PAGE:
$1.4B East River Park redesign is too short to prevent floods: expert

The city could be washing away $1.4 billion on its Manhattan flood-prevention plan because its new East River Park design is two feet too short, according to a new analysis of the controversial project.

Dutch expert Hans Gehrels said if the city doesn’t add enough fill to raise the level of the park by two feet at the outset of the project now, it will have to go back to the drawing board and rip up the park again in about 30 years.

Next year the city is expected to begin reconstruction of the 58-acre park, razing its structures and natural growth and filling it in with 8 to 10 feet of dirt to create a barrier to rising waters during hurricanes and storms. New grass and trees will be planted, and amenities restored, once the landfilling is complete. But according to Gehrels, unless the current design adds two more feet to the height of the park, everything will again have to be leveled in the future so that another layer of fill can be added.

“Including it in the current project would avoid having to remove the mature vegetation around the 2050s, when sea level will likely reach a level that the two additional feet will be needed,” the report says.

The additional fill would protect against a one-in-100-year flood through the year 2100, Gehrels notes.

Gehrels said it was also prudent to do the work now because “sea levels are rising faster than previously predicted.”

Manhattan Borough President Gale Brewer and City Councilwoman Carlina Rivera hired the Netherlands-based Deltares firm to assess the project because of community opposition to the city’s plan.

The current proposal, unveiled a year ago, was an about-face from an alternative that would have preserved the riverfront park and moved a flood barrier closer to the FDR Drive. The city contends this option will offer faster flood protection.

Such protection is seen as a necessity after Superstorm Sandy sent water surging through the area. The floodwaters washed into Con Edison’s 14th Street substation which caused power to be knocked out for much of Manhattan south of 39th Street.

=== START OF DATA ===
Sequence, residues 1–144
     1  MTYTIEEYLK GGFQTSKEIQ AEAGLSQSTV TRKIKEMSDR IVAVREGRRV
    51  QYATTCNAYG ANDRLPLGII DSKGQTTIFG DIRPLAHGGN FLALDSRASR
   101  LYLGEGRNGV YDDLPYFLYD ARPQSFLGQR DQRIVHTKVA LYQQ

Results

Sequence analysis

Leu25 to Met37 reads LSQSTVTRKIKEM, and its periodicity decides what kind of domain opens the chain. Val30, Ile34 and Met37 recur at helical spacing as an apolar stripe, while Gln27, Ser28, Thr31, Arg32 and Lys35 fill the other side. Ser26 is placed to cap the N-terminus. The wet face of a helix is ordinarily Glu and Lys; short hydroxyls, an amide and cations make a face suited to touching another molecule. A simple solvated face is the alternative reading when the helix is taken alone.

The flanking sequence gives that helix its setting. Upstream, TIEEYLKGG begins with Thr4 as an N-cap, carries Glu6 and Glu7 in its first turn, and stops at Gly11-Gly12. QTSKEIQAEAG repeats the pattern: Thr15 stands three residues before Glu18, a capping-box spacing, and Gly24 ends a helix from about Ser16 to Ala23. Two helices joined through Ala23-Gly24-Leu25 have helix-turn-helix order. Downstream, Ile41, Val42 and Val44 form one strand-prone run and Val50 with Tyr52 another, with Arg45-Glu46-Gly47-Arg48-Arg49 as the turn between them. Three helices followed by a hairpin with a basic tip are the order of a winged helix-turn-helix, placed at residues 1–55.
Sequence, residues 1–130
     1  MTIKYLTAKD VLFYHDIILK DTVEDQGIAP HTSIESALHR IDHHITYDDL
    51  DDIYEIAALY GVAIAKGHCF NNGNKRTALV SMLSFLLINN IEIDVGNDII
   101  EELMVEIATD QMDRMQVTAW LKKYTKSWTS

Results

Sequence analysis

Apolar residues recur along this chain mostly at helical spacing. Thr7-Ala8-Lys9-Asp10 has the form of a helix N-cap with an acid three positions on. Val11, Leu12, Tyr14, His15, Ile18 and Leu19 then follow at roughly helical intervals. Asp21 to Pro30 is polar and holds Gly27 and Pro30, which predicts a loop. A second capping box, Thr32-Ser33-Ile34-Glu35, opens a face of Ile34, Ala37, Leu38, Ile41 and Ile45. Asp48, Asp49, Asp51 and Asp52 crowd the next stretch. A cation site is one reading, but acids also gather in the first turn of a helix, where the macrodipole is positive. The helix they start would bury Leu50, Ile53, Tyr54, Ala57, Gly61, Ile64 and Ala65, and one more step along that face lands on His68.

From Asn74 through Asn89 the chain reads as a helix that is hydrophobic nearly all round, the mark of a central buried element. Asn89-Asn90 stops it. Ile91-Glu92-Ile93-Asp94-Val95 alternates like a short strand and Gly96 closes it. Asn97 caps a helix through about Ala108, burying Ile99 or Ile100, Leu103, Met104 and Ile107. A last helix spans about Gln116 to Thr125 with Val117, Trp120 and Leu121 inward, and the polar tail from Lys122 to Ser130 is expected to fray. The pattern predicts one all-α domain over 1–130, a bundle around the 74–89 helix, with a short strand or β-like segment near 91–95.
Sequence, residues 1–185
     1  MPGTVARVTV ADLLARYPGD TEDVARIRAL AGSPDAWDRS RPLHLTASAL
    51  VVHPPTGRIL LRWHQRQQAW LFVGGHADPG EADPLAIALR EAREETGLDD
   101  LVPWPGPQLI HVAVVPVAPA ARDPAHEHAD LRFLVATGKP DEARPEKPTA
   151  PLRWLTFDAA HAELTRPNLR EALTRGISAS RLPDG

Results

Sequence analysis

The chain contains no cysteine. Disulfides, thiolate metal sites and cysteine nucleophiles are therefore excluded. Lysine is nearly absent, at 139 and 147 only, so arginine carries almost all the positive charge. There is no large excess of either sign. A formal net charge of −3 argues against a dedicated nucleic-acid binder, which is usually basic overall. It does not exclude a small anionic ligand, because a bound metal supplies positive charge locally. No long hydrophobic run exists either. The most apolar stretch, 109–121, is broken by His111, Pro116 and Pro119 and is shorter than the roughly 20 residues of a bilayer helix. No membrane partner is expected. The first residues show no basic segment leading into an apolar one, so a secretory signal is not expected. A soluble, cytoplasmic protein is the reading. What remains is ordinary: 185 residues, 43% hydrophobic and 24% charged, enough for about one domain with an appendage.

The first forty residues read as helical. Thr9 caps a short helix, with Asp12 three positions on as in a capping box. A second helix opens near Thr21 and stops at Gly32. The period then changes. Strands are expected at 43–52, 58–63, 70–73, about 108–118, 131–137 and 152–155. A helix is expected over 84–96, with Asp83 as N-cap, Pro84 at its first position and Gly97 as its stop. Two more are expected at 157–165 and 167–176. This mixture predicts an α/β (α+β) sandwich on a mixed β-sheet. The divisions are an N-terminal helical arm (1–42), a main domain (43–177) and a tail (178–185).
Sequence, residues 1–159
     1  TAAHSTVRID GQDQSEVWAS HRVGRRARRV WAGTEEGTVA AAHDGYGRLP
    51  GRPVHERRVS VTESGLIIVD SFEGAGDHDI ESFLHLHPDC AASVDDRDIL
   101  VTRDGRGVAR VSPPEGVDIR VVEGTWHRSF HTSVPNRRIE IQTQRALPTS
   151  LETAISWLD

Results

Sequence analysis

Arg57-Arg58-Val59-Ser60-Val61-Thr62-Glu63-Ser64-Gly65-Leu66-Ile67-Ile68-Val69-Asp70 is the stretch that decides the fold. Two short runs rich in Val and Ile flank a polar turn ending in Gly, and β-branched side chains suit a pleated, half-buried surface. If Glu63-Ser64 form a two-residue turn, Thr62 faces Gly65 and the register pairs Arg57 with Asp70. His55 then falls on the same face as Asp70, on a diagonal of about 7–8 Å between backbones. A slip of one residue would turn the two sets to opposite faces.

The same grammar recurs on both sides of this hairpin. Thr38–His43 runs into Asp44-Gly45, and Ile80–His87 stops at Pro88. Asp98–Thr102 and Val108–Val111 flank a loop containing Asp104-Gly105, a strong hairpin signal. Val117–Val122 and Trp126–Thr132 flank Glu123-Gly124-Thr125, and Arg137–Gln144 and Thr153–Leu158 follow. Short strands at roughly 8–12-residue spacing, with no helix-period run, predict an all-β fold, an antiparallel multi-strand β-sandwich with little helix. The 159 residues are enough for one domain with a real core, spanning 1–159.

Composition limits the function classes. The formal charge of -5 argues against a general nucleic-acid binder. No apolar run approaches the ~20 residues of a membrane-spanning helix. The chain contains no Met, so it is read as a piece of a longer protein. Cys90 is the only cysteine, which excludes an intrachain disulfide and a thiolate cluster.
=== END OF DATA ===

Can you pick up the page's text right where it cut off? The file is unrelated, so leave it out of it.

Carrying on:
But opponents argue the work will close off the park for at least three years and ruin newly upgraded features, including a refurbished track and a soccer field. Nearly 1,000 trees would be removed.

Hundreds of people rallied last month, holding a mock funeral to “bury the plan, not the park.”

Gehrels said he had trouble evaluating certain aspects of the project’s design because technical documents were not public. He said the city needs to be more transparent to “help rebuild trust and gain support of the community,” including making documentation available.

He also called upon the city to protect the area during construction, when the park is closed and trees are gone, because “a severe storm may surge into the neighborhood more easily.”

The report recommended phased construction of the park to keep parts of it open, something Mayor de Blasio announced earlier this month that the city would do in order to mollify opponents.

But some say that doesn’t go far enough.

“This plan needs to be really vetted. There’s so many unanswered questions. They really shouldn’t be proceeding to demolish this park,” said Pat Arnow, a founder of the East River Park Action group.

Brewer said she implored the de Blasio Administration to take the report’s suggestions into account “before any construction begins.”

Rivera said she was scheduled to meet with the Mayor’s Office next week “to discuss how these recommendations can best be implemented into the proposed plan.”

The City Council is expected to vote on the project last this fall.

A de Blasio spokesman said the project was “based on the best available science.”

“It will protect New Yorkers from flooding through 2100 and can be further strengthened if sea-level rise and global warming outpaces these projections. The city has participated in nearly 85 community meetings and will continue to conduct robust and transparent engagement with all stakeholders,” said Phil Ortiz.

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